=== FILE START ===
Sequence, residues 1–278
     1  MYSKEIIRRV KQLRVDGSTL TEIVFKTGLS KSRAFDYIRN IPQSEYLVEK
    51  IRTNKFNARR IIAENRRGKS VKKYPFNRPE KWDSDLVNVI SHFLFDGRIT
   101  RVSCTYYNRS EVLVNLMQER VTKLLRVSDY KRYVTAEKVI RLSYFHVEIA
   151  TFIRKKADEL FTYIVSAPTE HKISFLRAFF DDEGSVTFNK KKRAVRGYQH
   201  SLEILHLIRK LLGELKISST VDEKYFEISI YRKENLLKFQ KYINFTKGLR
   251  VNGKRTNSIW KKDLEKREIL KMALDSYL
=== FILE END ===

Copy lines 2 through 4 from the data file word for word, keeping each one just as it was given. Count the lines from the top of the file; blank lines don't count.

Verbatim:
     1  MYSKEIIRRV KQLRVDGSTL TEIVFKTGLS KSRAFDYIRN IPQSEYLVEK
    51  IRTNKFNARR IIAENRRGKS VKKYPFNRPE KWDSDLVNVI SHFLFDGRIT
   101  RVSCTYYNRS EVLVNLMQER VTKLLRVSDY KRYVTAEKVI RLSYFHVEIA